Features

The need for speed

International | Homespun computer network keeps missionaries in touch

Issue: "Ashcroft 2000?," Oct. 11, 1997

in Green Bay, Wis. - Missionaries rely on the perennial array of homegrown innovations to get their job done where they are called, which usually happen to be places that have not met the late 20th century. At a recent exhibition in Green Bay, Wisc., put on by JAARS, the aviation support arm of Wycliffe Bible Translators, one volunteer rep demonstrated a hand-cranked cassette player. Another showed how a windshield wiper motor converted into a makeshift generator could be capable of neutralizing snake-bite toxins with its low-current, high-voltage charge.

While onlookers gawked at the gizmos or took a turn at cranking out baroque scores like so much homemade ice cream, a nearby computer station sat thoroughly alone. Part of a demonstration set up by a local mission network service, it proved so everyday for most people as to be overlooked. Smack dab in the middle of the computer age, technology-literate youngsters and oldsters are more apt to be fascinated with quainter gadgets.

Computers may be no longer revolutionary, but their availability and speed is nonetheless just beginning to reshape the landscape of the mission field. When Mission Aviation Fellowship came under attack in Zaire early this year, e-mail contact kept pilots and mechanics connected to MAF headquarters until they could be evacuated. Areas lacking hard-surface roads, indoor plumbing, and even electricity enough to run a cassette player can be tethered by a copper wire to the outside world.

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Only a few of the mission-minded recognize the potential in this digital awakening. These usually combine a hacker's flair with a passion for evangelism to launch World Wide Web pages and electronic mail or list services that combine homegrown with high-tech. Three years ago this rare combination prompted David Hatch, a pastor with the Lutheran Church-Missouri Synod, to launch an electronic prayer chain for missionaries. The subscriber-based service, called Speed the Need or STN, relays missionary news, prayer requests, and emergency needs both physical and spiritual.

"I like the idea that we can change the future," Mr. Hatch says. His motive got a dramatic test during STN's first days in 1995, when he received an e-mail message concerning missionaries in Kazakhstan. Three-year-old Nathan Beahler, son of the missionaries, had fallen into boiling water and the Beahlers could not find medical care.

Mr. Hatch got in touch with a Lutheran missionary in Kazakhstan who knew an American doctor nearby. Within minutes of the accident, the doctor showed up at the Beahlers' doorstep with a life-saving intravenous solution. The boy healed, and so did his parents' resolve. They had been discouraged in their work but decided to remain afterwards because of the support they sensed back home.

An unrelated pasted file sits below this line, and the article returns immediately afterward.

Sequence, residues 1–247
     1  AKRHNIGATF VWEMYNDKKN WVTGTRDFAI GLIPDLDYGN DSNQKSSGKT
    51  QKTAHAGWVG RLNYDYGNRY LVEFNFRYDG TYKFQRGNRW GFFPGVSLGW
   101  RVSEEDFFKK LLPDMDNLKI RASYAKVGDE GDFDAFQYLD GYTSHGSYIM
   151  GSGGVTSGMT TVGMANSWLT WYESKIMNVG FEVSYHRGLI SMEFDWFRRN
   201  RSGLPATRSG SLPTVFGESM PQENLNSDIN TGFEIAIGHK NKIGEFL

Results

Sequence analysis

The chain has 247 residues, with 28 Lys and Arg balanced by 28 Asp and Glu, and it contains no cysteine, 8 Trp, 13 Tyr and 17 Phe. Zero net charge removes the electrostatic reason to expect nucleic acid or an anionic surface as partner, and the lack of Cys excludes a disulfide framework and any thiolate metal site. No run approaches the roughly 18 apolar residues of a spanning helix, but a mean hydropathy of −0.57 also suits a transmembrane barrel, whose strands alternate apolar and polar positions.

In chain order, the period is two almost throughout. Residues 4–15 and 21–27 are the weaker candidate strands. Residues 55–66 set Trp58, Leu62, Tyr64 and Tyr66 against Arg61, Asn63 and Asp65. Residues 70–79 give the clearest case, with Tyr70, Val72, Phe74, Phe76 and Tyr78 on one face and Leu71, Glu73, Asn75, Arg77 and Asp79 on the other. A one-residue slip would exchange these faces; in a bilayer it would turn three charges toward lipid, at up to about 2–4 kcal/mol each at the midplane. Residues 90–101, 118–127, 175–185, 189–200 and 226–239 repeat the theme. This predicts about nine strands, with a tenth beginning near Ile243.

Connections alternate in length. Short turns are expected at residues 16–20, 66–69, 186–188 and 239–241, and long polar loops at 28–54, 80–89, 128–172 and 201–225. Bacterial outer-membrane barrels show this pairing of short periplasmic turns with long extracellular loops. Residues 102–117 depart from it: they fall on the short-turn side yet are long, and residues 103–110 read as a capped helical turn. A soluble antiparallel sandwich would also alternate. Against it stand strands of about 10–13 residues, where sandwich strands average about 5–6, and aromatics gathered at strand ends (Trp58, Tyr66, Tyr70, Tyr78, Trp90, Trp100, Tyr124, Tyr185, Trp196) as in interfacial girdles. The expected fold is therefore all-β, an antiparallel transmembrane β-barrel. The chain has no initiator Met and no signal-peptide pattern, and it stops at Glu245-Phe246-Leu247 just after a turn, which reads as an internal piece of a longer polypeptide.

"Ever since then, checking the mail has become very important," said Mr. Hatch. "There might be something with a life in the balance."

STN's stock in trade is its round-the-clock coverage. Mr. Hatch and three members of Our Saviour Lutheran Church serve as "dispatchers," hewing to a serious schedule of monitoring e-mail, other mission networks, and news wires from the World Wide Web . They send out daily reports divided into news items and prayer requests directly from missionaries (complete with sample prayers to help subscribers take the task seriously). They also relay needs for cars, radio equipment, or other hard-to-find necessities on the field.

Their vigilance has produced a track record. When fighting broke out in southern Albania last March, STN had relayed an eyewitness report from missionaries under gunfire before either the Voice of America or BBC World Service aired their own special reports.

From Zaire, STN carried news from Berean Mission's Jim Lindquist, who sent news of refugee movements and rebel attacks via his computer terminal in Katshungu long after Red Cross and United Nations personnel had been evacuated from nearby areas last January.

Mr. Hatch, a self-professing gadget lover who is also a ham radio operator and a bread baker, culled from the web a passenger list of Flight 800 before Associated Press posted one on its newswire. On the morning of this month's plane crash in Indonesia, he was again plowing the web for a list: "Any missionaries on board?" he wanted to know.

Like other computer-based enterprises, STN works a lot like the man behind the curtain in The Wizard of Oz. Prodigious output belies scant human resources. A main computer in Mr. Hatch's basement is connected to a server in Chicago. Dispatchers work off home computers that feed into the main computer. One dispatcher, Bob Valesano, is a utility-company retiree who does part of the year's work from his mobile home in Florida. Another, Beth Bretzman, is a housewife and mother who works from her Green Bay kitchen.

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